FLOWERY BRANCH — Calvin Johnson and the Detroit Lions are trying to salvage something from the mess their season has become.
The Lions had appeared ready to contend in the rugged NFC North this year after ending a 12-season playoff drought last season. But a rash of injuries, some behavioral issues and eight one-score losses have left them at 4-10 and playing out the string.
Johnson, the former Georgia Tech All-American from Tyrone, and the Lions can generate some respect if they can take down the Falcons (12-2) at 8:30 p.m. Saturday at Ford Field.
“It’s been real tough, especially for the players” said Johnson, who is 181 yards away from Jerry Rice’s single-season receiving record of 1,848 yards. “Not counting what the media predicted for us, we have our own high expectations. We’ve let ourselves down and the whole organization with our record.”
Lions coach Jim Schwartz noted the team has lost the Nos. 2, 3 and 4 wide receivers in Nate Burleson, Titus Young and Ryan Broyles. The secondary has also been hit hard by injuries.
On Wednesday, the team placed defensive tackle Nick Fairley, who was having a breakthrough season, on injured reserve due to a shoulder injury.
“It’s been tough,” Johnson said. “We’ve had a lot of unfortunate breaks as far as injuries. … We’ve had to plug guys in there that have been on the practice squad or who haven’t been here at all.”
The injuries and the inability to find a replacement for injured running back Jahvid Best (concussion) has led to a two-man offense. Lions quarterback Matthew Stafford, the former Georgia All-American, is constantly looking to throw to Johnson and teams haven’t been able to stop them.
“We’ve still been able to get our work in,” Johnson said. “That’s not going to stop us from doing what we do.”
The Falcons defeated the Lions 23-16 last season. Despite constant double-team coverage, Johnson had five catches for 115 yards and one touchdown.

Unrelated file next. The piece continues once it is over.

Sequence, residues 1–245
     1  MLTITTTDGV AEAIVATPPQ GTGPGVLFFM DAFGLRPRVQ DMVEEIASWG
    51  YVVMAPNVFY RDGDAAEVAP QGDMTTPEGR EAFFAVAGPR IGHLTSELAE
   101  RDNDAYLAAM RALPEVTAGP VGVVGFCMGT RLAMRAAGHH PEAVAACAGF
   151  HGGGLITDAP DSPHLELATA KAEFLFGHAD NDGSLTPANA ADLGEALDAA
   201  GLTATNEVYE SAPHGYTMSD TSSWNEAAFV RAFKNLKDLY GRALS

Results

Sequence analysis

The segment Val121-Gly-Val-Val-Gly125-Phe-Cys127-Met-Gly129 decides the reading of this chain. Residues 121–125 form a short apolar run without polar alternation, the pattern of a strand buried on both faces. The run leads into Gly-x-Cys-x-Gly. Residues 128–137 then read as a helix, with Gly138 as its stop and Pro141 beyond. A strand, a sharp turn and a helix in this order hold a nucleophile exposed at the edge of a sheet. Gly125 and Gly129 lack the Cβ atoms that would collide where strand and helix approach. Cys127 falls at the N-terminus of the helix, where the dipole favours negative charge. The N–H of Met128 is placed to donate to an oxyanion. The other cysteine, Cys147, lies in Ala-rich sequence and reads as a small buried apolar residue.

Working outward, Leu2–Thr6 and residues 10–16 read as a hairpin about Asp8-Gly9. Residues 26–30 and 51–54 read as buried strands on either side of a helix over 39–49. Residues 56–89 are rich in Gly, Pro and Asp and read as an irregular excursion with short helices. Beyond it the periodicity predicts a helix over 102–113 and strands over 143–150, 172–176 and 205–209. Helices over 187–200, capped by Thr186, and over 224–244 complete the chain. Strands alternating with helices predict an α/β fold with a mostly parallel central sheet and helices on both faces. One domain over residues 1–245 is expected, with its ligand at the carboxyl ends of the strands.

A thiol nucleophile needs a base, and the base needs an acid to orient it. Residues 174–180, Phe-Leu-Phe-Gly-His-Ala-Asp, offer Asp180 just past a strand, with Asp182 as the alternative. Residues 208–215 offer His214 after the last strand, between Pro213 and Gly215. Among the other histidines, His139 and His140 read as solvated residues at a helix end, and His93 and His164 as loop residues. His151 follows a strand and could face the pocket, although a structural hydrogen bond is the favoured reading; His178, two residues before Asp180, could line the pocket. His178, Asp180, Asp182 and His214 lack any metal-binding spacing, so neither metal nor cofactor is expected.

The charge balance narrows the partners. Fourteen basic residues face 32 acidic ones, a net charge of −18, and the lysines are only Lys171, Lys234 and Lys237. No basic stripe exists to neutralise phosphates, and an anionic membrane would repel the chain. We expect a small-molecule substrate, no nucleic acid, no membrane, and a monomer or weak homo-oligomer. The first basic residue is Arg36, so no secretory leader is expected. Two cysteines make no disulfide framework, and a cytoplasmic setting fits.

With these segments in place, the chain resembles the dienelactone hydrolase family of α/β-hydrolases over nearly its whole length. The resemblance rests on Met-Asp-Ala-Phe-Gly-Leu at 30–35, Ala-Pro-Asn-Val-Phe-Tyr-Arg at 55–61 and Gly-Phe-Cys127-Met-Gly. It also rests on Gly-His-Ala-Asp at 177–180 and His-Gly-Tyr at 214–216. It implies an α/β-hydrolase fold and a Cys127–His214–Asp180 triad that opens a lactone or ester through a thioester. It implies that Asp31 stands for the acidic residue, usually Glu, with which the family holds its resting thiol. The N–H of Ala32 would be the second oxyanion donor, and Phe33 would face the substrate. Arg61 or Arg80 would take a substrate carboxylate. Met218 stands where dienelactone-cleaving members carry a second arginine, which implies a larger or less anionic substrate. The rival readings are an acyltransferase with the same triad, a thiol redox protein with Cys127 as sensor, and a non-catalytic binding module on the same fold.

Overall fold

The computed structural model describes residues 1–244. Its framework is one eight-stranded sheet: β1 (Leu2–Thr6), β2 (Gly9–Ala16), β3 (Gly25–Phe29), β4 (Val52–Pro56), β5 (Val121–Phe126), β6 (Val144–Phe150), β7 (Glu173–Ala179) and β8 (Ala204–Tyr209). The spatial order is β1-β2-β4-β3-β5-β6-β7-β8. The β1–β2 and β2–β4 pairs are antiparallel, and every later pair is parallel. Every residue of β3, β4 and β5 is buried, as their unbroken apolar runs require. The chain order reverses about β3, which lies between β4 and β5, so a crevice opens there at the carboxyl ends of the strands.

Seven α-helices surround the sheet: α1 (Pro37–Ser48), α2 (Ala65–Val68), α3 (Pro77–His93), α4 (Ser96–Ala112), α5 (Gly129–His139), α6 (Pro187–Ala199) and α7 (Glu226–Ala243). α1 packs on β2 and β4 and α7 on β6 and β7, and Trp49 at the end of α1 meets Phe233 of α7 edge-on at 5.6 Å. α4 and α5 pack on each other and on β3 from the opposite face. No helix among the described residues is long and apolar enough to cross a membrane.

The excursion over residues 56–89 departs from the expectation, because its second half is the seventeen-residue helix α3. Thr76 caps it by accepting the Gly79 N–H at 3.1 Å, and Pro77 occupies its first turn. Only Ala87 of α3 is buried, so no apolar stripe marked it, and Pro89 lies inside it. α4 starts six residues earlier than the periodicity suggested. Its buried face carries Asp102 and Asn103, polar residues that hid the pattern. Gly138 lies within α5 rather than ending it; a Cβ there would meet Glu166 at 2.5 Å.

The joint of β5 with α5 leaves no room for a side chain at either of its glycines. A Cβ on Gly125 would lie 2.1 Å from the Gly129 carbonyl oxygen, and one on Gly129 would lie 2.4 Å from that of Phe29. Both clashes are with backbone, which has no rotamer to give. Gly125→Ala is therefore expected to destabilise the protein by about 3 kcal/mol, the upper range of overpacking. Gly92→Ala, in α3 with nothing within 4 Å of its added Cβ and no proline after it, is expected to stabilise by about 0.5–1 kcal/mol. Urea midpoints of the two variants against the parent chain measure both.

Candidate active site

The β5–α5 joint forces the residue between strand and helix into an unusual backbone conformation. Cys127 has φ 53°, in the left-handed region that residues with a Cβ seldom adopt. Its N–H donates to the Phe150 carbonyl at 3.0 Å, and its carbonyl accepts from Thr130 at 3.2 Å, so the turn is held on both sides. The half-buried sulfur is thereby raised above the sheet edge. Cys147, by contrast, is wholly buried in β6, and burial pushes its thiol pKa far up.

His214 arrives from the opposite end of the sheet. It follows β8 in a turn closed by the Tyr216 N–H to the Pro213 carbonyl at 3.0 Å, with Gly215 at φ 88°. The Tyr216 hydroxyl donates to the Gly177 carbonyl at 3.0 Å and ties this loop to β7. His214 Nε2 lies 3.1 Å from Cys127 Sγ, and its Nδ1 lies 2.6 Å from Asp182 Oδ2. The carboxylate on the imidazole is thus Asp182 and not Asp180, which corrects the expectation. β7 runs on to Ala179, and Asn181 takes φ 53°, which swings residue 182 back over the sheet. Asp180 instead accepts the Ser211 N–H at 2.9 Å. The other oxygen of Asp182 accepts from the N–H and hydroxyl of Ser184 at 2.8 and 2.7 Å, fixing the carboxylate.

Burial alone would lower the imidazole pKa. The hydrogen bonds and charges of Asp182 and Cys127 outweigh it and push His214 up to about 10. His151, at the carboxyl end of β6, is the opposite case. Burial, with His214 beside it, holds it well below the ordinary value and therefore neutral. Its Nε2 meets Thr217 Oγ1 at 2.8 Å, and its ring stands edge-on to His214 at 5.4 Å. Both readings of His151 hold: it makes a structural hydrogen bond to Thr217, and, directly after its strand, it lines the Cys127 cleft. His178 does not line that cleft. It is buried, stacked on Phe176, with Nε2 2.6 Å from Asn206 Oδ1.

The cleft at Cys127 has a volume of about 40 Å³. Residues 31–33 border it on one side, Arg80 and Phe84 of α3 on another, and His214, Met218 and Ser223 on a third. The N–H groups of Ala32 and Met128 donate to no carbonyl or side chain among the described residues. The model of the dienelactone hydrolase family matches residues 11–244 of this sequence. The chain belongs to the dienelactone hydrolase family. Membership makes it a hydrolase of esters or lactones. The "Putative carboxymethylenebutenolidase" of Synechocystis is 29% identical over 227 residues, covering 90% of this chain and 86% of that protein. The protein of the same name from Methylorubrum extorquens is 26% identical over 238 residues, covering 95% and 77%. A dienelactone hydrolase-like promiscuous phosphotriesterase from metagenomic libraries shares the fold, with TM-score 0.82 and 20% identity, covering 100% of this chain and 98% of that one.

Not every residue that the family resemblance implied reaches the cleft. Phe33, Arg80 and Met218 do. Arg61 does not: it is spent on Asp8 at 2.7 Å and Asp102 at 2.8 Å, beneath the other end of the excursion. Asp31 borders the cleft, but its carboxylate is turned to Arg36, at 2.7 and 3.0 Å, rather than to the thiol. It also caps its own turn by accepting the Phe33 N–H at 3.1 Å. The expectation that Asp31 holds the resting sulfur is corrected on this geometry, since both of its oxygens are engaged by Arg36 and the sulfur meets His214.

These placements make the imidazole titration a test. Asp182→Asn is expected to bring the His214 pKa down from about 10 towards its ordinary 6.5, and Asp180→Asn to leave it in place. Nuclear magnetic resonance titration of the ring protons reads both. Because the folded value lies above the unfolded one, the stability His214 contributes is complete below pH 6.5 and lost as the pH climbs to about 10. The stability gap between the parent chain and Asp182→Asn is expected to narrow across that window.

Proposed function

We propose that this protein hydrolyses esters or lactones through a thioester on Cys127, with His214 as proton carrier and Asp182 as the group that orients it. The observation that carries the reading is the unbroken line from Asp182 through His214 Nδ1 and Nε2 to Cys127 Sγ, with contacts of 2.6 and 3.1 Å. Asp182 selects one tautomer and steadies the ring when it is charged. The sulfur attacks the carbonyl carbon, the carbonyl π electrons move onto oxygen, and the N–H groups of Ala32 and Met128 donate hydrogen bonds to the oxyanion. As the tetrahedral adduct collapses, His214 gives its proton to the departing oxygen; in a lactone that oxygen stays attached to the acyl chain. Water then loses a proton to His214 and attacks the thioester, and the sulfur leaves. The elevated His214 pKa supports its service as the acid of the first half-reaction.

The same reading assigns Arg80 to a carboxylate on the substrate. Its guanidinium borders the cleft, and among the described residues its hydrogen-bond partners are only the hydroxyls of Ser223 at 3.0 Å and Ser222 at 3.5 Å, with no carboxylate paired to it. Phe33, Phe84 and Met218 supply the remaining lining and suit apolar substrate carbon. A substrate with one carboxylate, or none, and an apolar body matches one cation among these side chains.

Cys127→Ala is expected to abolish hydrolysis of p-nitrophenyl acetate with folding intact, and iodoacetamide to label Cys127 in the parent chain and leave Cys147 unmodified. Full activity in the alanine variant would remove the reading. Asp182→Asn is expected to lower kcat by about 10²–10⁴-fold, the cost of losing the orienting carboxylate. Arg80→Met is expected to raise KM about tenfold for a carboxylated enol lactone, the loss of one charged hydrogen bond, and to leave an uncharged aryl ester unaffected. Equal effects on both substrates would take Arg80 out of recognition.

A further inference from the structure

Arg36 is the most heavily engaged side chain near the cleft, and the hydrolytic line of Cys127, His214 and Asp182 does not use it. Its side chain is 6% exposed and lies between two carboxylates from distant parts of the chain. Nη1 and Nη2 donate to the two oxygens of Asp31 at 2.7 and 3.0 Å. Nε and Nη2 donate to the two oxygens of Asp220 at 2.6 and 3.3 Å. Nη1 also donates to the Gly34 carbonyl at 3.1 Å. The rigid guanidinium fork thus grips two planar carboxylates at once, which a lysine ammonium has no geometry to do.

“Calvin is an amazing athlete,” Falcons safety Chris Hope said. “He’s probably the one person that can do everything. He’s fast. He’s strong. He’s tall. He creates mismatches in pretty much every form.”
Even with the constant attention, Johnson, who is 6 foot 5 and 236-pounds, gets open. Because of his size, man-to-man coverage by smaller cornerbacks is not an advisable option.
Johnson is determined to pierce the Falcons’ scheme.
“There are some holes that we’ll have to be able to find and take advantage of,” Johnson said. “We never know if they are going to play us the same. We don’t know if there is going to be more zone or more man. We’re going to have to see when the ball is snapped on (Saturday).”
The Lions, who are in the midst of a seven-game losing streak, have dropped eight games by eight points or less. They turned in a stinker last week, losing 38-10 to Arizona, which had been on a nine-game losing streak. Detroit’s last victory was a 31-14 win over Jacksonville on Nov. 4.
By contrast, the Falcons, who need to win to secure the home-field advantage for the playoffs, have won seven games by eight points or less.
“The margins are narrow,” Schwartz said. “That is certainly the NFL. There are very few teams that go out and win in blowouts every single week. It’s just the nature of the NFL. It takes some fortune to be able to put it together.”
Rice set the yardage mark in 1995. Johnson, who tied an NFL record with seven straight 100-yard games last week, is looking forward to breaking the record.
“Man, that would be fantastic,” Johnson said. “All of the things that we’ve been through, to be able to accomplish something of that nature would be a pretty good way to end the year.”
As far as Schwartz is concerned, it couldn’t happen to a finer player.
“Nothing that guy does ceases to amazes me,” Schwartz said. “He’s the same guy you see on Sundays as you see in the offseason program and in the training camp. He’s one of the hardest workers that I’ve ever been around.
“As good of a player that he is on the field, he’s a better teammate and a better person. He’s just a really humble guy that does his job very well and is very competitive.”